Anchoring Wood to a Steel I-Beam
Forget about packing the web; fasten wood to the top, and hang the floor framing with top-mount joist hangers.
Synopsis: Steel beams can carry much more weight than solid or engineered lumber, so they’re often used in home building. But anchoring wood to steel can be time-consuming. John has replaced the most common method — packing the web with lumber — with a far faster method incorporating top-mount joist hangers. By bolting a piece of lumber to the top flange of the I-beam and nailing the joist hangers to it, you can reduce the amount of lumber you use, the number of holes you drill, and the number of bolts you install. And top-mount joist hangers require fewer nails, too.
Modern floor plans are trending toward wide open spaces. Despite advances in engineered-wood beams, there are times when something stronger is needed. Many carpenters shy away from steel because fastening lumber to steel can be tricky. Cutting a steel beam on site is even trickier. Sometimes, though, a steel I-beam is the best choice. Structural steel costs less than comparable LVLs, is strong, and is available from local suppliers. If you order it to the right size with fastener holes punched, your only challenge will be attaching the lumber.
Steel has a few limitations
Although a piece of steel carries a larger load over a longer span with less depth than any other building material, steel has some disadvantages. First, it’s very heavy. You need to make sure you can get it to where it needs to go, either with humans or with a machine. Second, you won’t find steel span charts in a codebook; steel usually needs to be sized by an engineer. Steel should be protected from moisture to prevent rust and deterioration. Also, a steel beam will fail much more quickly and catastrophically than an equivalent wood beam in a fire.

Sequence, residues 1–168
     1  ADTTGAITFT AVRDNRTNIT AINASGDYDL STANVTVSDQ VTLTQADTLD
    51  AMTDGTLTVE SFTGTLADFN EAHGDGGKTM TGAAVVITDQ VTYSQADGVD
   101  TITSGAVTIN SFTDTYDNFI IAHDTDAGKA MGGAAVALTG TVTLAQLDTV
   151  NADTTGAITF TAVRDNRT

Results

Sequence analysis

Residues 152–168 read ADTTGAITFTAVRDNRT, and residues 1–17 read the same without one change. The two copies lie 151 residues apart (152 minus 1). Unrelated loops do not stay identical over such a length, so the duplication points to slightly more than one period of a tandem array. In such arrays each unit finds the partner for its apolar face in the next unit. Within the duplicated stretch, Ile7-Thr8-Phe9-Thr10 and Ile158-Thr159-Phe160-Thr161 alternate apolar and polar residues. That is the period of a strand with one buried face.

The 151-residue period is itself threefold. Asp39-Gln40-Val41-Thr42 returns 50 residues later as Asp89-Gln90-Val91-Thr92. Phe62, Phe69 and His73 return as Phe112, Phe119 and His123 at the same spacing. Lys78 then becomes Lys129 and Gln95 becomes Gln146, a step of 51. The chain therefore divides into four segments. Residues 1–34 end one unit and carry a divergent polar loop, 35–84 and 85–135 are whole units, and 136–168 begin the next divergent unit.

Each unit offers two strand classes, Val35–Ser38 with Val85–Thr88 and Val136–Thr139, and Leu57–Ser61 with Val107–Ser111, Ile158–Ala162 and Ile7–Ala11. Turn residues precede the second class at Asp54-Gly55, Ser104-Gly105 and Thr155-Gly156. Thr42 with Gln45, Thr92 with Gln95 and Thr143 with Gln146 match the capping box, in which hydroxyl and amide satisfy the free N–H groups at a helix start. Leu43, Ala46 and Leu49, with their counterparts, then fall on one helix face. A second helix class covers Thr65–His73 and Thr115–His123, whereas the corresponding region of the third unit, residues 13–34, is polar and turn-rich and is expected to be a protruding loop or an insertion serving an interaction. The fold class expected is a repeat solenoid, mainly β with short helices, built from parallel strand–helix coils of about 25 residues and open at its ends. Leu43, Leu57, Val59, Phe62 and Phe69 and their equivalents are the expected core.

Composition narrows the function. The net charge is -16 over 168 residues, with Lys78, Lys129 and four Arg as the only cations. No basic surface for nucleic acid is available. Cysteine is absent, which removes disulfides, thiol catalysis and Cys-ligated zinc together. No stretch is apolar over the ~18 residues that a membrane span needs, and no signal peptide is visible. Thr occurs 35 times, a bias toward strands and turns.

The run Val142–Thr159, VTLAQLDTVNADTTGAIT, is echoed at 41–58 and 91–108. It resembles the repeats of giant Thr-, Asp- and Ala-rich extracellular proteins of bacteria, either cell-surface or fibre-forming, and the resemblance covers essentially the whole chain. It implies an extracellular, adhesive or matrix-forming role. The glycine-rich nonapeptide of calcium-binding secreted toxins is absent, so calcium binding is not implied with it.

Top-mount joist hangers are the most practical
In the simplest usage, an I-beam rests in pockets cast in foundation walls, with floor joists on top of it. More often, though, wood is bolted to the web; then joists or rafters are attached to the wood with standard joist hangers. The drilling and bolting required by this method are so impractical that it’s worth changing before construction. Another attachment method is to weld top-mount hangers to the I-beam. However, this option is rare, not because it doesn’t work but because most framing crews don’t have a welder on site.
I think the best method is to bolt 2x lumber to the top flange of the I-beam, then nail top-mount joist hangers to the lumber. I use 1⁄4-in. by 1 1⁄2-in. lag bolts through the bottom of the top flange. Because top-mount joist hangers won’t resist twisting as well as face-mount hangers, I use strapping below or blocking between the joists. If uplift resistance is needed, I tack the lumber in place with a powder-actuated nailing tool, then through-bolt after the plywood subfloor is down, recessing the bolt heads into the plywood.
The steel I-beams most often seen on job sites are called W- (wide) and S- (standard) shapes, depending on the width of the flange. Steel beams are designated by shape, depth, and weight. For example, a W8x35 beam is a W-shape about 8 in. deep and weighing 35 lb. per lin. ft.
Because steel is hard to cut and drill on site, your supplier needs the exact length along with sketches showing all hole locations and sizes. If you have to cut a beam, an acetylene torch is the easiest method, but metal-cutting blades in circular saws and reciprocating saws work, too.
From Fine Homebuilding #180
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